12 Rivers have restricted throughput for some of the facilities. Because of these infrastructure constraints, the types of vessels used to carry cargo on these waterways have effectively been restricted to tugs and barges. 9 Because barges have traditionally carried low-value goods at low speeds, the conventional expectations of the SSS growth potential in the U.S. have been for a low-growth scenario. Compared to over-the-road truck transportation, water transportation carriers receive only a fraction of the total domestic freight revenues, less than 2 percent of the value of the domestic freight carried in the lower 48 states. By tonnage, however, domestic waterborne shipping account for larger shares of the national cargo volume, depending on how the shares are calculated. The data indicate the following distribution of freight shipments by value, tonnage, and ton miles for domestic shallow water and deep-water facilities. 10 Table 1 SSS Freight Traffic by Value, Tonnage, and Ton-miles Marine Facility Type Value (% U.S. Cargo Shipments) Tons (% U.S. Tonnage Carried) Ton Miles (% U.S. Ton Miles) Shallow Draft Great Lakes Deep Draft Total Waterborne Source: Bureau of Transportation Statistics, U.S. DOT; the figures exclude wet bulk shipments and water traffic on the nation s inland waterways. The second factor contributing to the low levels of revenue generated in domestic waterborne markets is the continuing decline in the ton-miles or cargo carried on domestic waterways. As noted above in reference to the trends depicted in Figure 2, the tonnage carried on MTS has remained stable around 1 billion tons in the past decade; whereas the length of shipments has declined steadily. The average length of coastwise shipments declined from 1,496 miles in 1960 to 1,269 in Lower waterborne ton miles of freight not only reduce the level of revenues generated in the service, they also reduce the break-even distance at which domestic water transport becomes a viable option. The total ton miles of domestic waterborne traffic (on coastal, Great Lakes, and inland waterways) declined from 873 billion ton-miles to 591 billion ton-miles between 1986 and 2005 (Figure 3.) 9 Of the 25,000 miles of navigable inland waterways and intra-coastal/coastal channels, 12,000 miles of the navigable inland waterways capable of handling commercial traffic; there are over 1800 shallow water terminals with channel depth of 14 feet or less (1,748 on the Mississippi River system, and 64 on Columbia/Snake River.) 10 Shipment Characteristics by Mode of Transport for the United States, US Department of Transportation Bureau of Transportation Statistics, available from ONR SSS Final Report 12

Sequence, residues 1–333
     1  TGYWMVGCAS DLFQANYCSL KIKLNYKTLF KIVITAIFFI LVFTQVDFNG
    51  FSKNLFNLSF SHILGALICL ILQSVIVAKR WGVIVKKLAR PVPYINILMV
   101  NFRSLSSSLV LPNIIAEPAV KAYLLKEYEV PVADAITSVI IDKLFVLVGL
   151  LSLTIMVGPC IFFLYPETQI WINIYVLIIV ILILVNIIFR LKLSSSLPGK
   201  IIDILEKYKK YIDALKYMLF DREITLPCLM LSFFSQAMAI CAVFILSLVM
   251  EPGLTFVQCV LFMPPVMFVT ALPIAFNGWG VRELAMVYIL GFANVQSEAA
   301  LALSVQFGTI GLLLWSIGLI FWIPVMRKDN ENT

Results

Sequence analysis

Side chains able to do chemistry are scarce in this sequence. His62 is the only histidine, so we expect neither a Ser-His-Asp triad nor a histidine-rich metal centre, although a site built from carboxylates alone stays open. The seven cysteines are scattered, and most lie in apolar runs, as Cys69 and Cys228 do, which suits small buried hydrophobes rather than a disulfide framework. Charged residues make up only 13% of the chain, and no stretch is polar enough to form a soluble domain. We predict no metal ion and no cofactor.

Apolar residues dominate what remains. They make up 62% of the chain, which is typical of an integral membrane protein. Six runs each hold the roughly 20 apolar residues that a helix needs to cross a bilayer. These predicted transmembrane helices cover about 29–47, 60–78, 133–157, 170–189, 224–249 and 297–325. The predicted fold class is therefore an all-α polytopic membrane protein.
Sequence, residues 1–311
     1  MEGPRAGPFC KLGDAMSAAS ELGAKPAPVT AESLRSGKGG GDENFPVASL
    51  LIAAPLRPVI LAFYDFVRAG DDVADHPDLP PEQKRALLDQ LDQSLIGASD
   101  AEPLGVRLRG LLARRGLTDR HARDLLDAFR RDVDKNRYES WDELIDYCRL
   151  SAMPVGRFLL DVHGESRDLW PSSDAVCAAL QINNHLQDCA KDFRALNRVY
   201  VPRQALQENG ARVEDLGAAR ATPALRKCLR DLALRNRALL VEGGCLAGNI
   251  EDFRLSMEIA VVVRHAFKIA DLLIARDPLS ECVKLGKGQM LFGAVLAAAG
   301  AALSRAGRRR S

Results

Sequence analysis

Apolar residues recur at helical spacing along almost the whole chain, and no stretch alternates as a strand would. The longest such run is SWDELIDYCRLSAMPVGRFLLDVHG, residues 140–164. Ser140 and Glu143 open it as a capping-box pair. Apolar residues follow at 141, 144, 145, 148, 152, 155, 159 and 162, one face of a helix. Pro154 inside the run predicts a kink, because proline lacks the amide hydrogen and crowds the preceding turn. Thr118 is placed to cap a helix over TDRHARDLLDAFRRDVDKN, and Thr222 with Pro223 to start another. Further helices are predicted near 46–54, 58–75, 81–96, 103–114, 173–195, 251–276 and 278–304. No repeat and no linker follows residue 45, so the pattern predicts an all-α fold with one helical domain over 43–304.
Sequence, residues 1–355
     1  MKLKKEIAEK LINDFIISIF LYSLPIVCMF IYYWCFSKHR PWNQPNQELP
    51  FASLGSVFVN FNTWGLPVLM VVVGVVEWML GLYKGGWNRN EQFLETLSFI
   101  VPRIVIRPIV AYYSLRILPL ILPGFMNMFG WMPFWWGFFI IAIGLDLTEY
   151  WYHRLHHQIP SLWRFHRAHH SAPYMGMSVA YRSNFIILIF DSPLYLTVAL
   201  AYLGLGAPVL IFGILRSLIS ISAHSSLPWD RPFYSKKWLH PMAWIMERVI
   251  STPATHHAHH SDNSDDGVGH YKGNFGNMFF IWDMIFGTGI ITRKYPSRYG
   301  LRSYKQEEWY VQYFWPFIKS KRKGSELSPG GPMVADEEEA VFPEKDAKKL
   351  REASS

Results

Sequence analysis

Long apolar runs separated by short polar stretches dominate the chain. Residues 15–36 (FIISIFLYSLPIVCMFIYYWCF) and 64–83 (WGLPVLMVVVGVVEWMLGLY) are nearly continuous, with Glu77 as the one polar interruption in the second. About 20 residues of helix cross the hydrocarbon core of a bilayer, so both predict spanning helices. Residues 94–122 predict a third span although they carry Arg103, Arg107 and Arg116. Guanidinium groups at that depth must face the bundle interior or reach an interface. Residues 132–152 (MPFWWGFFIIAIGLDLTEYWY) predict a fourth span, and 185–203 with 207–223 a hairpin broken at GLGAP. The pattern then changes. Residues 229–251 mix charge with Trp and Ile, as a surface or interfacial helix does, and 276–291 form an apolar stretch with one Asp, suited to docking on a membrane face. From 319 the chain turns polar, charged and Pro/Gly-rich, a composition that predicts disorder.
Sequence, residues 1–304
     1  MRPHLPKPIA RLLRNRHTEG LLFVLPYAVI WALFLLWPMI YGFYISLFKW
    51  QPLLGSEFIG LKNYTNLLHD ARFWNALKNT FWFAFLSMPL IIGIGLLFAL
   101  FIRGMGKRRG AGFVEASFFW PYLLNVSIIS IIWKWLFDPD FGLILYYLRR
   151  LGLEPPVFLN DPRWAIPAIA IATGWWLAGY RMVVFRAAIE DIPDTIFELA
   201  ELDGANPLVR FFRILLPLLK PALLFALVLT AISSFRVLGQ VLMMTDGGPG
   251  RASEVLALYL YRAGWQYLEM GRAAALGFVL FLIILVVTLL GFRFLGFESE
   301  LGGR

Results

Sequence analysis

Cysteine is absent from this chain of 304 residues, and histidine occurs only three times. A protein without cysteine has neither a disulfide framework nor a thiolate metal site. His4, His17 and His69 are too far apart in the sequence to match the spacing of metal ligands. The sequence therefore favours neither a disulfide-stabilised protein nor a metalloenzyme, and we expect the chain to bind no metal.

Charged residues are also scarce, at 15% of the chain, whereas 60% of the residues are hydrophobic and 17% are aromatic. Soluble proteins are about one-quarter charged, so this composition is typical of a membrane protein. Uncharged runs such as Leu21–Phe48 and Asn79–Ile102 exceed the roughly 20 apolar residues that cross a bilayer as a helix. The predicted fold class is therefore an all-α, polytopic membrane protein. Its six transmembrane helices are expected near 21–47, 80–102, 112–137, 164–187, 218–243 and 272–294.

13 Figure 3 - Trends in Domestic Waterborne Commerce Ton-Miles, Domestic Waterborne Commerce, Billion Short Ton-Miles Coastw ise Internal Lakew ise Total Source: Volpe generated chart based on data from USACE, Waterborne Commerce of the U.S. Calendar Year 2005, Part 5, National Summaries, Table 1-9 The flat domestic cargo tonnage volumes, coupled with the declining ton-miles in water transportation, have created an underlying structural condition in the U.S. that has shifted freight transportation traffic away from the waterborne mode. The dampening effect of this structural condition on the U.S. SSS market share has been worsened by the influence of three related market forces: a) the growing demand for expedited truck service for moving high value, just-in-time shipments to regional distribution centers for inventory replenishment; b) emergence of major East-West large-volume, high-density rail corridors for the movement of imported goods; and the c) emergence of truck-dominated transshipment networks of inland distribution and consolidation centers in the major port regions. On balance, these factors have further dampened the growth of markets for domestic water transportation, though many economic and policy factors have begun to shift the balance in favor of SSS, as addressed in Section 3.0 and 5.0. ONR SSS Final Report 13

14 Section 2.0 Existing SSS Practices and Operations The Maritime Administration (MARAD) has defined the existing SSS corridors and carriers in the U.S. as part of the agency s description of the Marine Highway (MH) Program. Note that the scope of this study goes beyond the MARAD MH program. MARAD has pointed out that the MH program is for containers, trailers and rail cars only, and that no bulk cargoes are included. MARAD has also pointed out that the scope of the MH program also extends to the offshore foreign trades, such as Canada and Mexico. In this study, the scope of SSS operations includes present and potential future bulk movements of cargo. 11 Section 2-1 describes the corridors defines by MARAD. Section 2-2 describes the carriers currently serving the SSS markets. 2-1 Current SSS Service Corridors MARAD has identified about 40 marine highway coastal, intracoastal, and inland freight services and 500 marine highway passenger services throughout the United States, including services provided to and from Canada, as depicted in Figure Figure 4 SSS Corridors Identified by MARAD Source: 11 Mr. James Pugh, MARAD, in comments sent on September 22, 2009, has pointed out that Certainly, there are bulk movements in short sea services, but they are not part of the Marine Highways program. 12 shttp://www.marad.dot.gov/documents/marine_highway_program_brochure_(final.pdf ONR SSS Final Report 14